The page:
I read in today’s New York Times this obituary: Goro Shimura, 89, Mathematician With Broad Impact, Is Dead. The man is justifiably famous. As the article notes, Shimura was “a mathematician whose insights provided the foundation for the proof of Fermat’s Last Theorem and led to tools widely used in modern cryptography.” Upon reading this, I was immediately plunged into a sea of memories, for I once had a friend who spent hours daily reflecting on that one-time diamond of mathematical pursuit, Fermat’s Last Theorem.
When I was an undergraduate at Marietta College, I was fortunate to take several philosophy courses with Elizabeth Steiner Maccia. Her classrooms were overflowing with students eager to learn this esoteric subject from her, and her reputation was well-established when my fellow classmate and mathematics student, Jim Murtha, said “You ought to get a course from Liz Maccia; she’s good.” I think it is fair to say that Elizabeth Maccia’s course on Ethics changed my life.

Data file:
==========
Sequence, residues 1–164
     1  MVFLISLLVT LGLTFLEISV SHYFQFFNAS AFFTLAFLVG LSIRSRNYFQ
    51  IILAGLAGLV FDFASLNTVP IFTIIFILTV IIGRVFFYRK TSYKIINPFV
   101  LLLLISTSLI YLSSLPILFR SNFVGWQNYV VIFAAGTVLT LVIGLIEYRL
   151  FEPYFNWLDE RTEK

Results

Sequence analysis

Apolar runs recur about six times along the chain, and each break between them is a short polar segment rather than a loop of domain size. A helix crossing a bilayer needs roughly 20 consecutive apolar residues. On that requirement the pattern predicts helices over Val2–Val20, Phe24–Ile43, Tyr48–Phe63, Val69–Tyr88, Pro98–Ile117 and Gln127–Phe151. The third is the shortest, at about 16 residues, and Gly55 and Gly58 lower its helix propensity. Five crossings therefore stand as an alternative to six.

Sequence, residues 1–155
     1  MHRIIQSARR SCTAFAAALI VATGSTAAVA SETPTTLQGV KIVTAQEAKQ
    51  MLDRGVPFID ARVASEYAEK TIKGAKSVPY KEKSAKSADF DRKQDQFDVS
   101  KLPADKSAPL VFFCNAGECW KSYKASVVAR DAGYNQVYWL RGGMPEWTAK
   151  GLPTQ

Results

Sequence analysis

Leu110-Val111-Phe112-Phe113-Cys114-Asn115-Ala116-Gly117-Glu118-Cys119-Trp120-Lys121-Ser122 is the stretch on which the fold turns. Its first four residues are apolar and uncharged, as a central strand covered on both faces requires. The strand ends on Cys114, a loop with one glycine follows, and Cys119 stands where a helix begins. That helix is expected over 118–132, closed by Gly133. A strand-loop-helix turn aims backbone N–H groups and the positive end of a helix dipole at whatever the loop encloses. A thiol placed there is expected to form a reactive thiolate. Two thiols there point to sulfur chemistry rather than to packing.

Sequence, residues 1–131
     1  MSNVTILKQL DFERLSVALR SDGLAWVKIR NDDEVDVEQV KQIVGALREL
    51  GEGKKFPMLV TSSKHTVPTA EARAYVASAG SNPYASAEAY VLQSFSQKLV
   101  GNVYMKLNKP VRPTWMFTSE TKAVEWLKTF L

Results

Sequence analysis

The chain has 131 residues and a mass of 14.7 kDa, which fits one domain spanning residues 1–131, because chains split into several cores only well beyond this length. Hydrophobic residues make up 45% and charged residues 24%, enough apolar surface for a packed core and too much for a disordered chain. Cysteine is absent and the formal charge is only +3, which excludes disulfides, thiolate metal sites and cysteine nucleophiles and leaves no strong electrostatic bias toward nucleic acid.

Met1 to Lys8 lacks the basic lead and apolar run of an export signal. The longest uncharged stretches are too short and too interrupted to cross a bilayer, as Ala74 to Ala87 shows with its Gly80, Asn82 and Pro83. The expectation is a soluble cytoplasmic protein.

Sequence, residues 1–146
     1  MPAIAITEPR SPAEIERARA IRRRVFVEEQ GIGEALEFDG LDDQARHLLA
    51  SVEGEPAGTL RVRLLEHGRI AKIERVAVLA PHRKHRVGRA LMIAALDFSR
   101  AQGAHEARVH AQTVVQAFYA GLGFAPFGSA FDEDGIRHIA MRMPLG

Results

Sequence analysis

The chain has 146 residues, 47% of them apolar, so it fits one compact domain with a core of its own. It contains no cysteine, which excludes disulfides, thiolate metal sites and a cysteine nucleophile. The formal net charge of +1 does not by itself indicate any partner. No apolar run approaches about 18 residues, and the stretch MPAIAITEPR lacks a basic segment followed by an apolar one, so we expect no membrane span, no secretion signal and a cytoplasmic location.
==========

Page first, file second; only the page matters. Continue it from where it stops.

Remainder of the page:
Victorine Dorval Munier Andris was the grandmother that I never met. My own mother, Ella Lorene Sullivan Andris fortunately planted and kept alive in my mind the memory of “Torienne.” I don’t know too much about her, but story telling and genealogical excavation have allowed me to reconstruct some of the story of her life. One thing is clear to me, though. If it weren’t for Grandmother Andris, I wouldn’t be here.